Posts Tagged ‘cartoon’

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“… three, two, one, lift off house.”

February 27, 2017

Authors note:  Original article is written for and posted in  Aspire Design and Home.  You might want to check them out, or just read it here.

houserocketfarm-townstreet-facade

Rocket Launch – Since I am already on the subject of houses on hilltops, I might as well take a look at this one.  Something strange happens to ones perception of space when approaching a tall house, up a hill, with pointy gables.   It starts to feel like one is approaching a rocket launch.  The flat facade of the building adds to the effect because there is no intervening element to catch the viewers attention and stop the upward motion.  This is reinforced by the driveway wall which also points, behaving like a one point perspective, drawing the viewer’s eye toward some infinite point on the horizon.

Single Visual Element – A bit of academic analysis clearly gives us to understand that, from a design standpoint, the house in the photo really starts at the street.  It is one with the driveway; a single visual element, dominated by an extremely strong profile, defined by vertical lines which terminate in arrows pointing skyward.  Have you ever driven through a farm town and seen the silos next to a railway?  The only thing missing from the photo of the house under consideration is the train.

Transformation by Decoration – Also worth considering is that rows of tall flat facades, springing directly up from sidewalks, show up in residential buildings in places like Paris, Vienna and New York.  These buildings are transformed, by dint of decoration.  Variations in the size, placement and celebration of openings, add complexity to the extent that one barely realizes they are tall, which begins to suggest that height might be something to cultivate rather than disdain, as I was at first inclined to do.

Why so Awkward – Likewise I am led to ask, if not the height, then why so awkward.  The answer, of course, is that on some level most of us understand that the unity of form and purpose evident in the row house, the silo, and even the rocket is missing in the suburban residence.  We end up with what I call a “fusion tract house,” sporting a garage door, a couple of gables, and the arched part of a “Palladian” window,  all forced into a shape that does not suit.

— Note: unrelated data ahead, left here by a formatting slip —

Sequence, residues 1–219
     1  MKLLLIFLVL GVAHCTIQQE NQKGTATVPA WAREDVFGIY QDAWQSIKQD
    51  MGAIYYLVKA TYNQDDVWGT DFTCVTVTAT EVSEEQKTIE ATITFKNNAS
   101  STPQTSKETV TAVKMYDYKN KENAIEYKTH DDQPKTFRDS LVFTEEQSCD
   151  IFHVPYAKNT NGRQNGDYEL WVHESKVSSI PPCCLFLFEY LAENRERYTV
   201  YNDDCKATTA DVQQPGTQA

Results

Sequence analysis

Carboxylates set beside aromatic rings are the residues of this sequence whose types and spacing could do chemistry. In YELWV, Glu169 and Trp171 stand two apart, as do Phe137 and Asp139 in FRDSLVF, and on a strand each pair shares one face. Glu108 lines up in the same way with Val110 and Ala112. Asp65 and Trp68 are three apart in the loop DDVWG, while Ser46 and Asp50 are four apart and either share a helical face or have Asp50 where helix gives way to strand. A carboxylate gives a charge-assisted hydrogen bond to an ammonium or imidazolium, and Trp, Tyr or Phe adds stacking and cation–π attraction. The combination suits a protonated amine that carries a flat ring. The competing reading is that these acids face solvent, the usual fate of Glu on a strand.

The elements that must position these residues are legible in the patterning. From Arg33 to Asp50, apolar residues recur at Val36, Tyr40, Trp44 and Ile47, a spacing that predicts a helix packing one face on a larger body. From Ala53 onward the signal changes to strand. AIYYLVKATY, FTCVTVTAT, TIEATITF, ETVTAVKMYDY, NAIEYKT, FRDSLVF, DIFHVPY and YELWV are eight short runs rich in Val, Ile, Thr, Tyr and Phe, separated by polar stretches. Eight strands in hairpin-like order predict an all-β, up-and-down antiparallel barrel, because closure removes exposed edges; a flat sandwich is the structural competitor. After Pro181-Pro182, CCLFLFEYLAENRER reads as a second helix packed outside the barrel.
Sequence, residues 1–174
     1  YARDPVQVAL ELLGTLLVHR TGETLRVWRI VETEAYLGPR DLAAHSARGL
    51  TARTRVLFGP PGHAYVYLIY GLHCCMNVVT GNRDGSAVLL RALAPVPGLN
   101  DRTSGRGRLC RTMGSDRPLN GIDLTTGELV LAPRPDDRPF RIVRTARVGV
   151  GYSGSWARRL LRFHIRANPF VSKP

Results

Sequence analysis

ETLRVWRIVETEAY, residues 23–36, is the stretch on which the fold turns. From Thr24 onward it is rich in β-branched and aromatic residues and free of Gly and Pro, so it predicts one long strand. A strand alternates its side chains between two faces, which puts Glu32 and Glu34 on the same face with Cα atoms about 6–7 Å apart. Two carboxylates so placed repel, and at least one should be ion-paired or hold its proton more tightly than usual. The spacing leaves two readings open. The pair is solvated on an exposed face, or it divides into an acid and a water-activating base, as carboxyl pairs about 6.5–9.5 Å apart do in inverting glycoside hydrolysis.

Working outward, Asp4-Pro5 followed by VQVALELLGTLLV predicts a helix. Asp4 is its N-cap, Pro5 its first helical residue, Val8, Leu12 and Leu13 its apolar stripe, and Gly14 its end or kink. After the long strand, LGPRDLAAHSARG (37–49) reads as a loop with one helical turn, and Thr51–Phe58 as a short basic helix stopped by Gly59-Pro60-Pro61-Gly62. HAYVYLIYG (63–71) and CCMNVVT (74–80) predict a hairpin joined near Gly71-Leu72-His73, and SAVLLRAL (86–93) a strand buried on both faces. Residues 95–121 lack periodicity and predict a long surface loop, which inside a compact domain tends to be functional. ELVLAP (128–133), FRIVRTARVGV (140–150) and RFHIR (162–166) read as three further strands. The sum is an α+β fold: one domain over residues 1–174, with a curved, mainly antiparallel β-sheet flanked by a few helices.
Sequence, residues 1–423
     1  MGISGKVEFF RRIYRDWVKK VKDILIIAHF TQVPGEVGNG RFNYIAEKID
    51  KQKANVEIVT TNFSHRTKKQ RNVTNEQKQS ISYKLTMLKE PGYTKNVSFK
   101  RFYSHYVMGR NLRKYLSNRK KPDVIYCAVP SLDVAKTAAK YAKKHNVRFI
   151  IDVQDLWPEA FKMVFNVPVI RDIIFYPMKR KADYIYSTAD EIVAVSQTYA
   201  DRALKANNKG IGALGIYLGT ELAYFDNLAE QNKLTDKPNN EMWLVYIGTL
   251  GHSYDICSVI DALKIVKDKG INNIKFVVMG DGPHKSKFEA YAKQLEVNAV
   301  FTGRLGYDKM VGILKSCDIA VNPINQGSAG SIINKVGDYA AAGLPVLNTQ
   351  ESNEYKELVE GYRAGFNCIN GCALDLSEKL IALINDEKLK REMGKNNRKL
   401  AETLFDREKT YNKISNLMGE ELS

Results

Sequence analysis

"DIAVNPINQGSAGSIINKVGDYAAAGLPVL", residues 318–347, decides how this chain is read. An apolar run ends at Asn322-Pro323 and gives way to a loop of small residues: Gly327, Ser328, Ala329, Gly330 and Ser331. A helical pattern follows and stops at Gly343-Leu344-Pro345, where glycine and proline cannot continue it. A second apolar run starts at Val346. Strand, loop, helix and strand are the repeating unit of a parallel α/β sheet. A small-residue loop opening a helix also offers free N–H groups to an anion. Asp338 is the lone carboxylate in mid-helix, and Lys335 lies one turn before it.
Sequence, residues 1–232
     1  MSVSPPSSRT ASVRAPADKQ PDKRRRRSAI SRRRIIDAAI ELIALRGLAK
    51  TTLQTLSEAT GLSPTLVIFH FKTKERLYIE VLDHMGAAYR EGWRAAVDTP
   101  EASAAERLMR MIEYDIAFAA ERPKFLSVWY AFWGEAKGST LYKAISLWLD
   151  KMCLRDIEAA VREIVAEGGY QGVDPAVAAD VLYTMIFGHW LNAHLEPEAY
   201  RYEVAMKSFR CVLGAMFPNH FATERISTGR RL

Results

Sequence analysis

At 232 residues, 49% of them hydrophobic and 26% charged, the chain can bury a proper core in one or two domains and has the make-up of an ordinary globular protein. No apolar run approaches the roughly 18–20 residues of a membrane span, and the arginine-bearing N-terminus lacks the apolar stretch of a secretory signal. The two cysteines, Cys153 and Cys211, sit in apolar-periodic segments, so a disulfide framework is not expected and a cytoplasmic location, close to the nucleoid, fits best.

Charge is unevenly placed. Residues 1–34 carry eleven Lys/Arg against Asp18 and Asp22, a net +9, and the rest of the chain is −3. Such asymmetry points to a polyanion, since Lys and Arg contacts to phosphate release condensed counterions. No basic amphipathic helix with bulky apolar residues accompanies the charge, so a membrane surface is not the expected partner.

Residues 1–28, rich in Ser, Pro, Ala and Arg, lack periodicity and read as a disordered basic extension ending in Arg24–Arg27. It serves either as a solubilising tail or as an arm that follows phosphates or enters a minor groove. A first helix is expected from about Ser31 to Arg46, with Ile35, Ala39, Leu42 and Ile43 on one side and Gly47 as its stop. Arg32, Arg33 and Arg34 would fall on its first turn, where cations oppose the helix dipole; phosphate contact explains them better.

Architectural Form – If this home owner were my client I would, without going too far into value judgements, simply ask if this tall silhouette is one that he/she would choose to put in a typical suburban neighborhood in “any-town” USA.   If the answer was yes, then I would advise that the homeowner embrace the concept by loosing the “home depot” doors, windows, and finishes in favor of a stark functional version, organized to reinforce the architecture.  If, on the other hand, the answer was “not so much,” I would recommend either a different site or a different architectural form.

Bridget Gaddis, is a Licensed Architect and LEED Accredited Professionnal practicing nationally, and locally in the Washington DC area. She holds professional degrees in both Architecture and Interior Design and has a comprehensive background in commercial retail design, planning and construction.  She has many years experience working for well known architects, developers and retailers.  In 2011 she started Gaddis Architect an independent practice in Alexandria, VA.  In addition, Ms. Gaddis has an interest in residential projects and is the author of “Real People Don’t Hire Architects,” a blog about houses.

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Silly Architect

March 14, 2013

Architects like toys too. Sustainable Holiday Home by Tjep.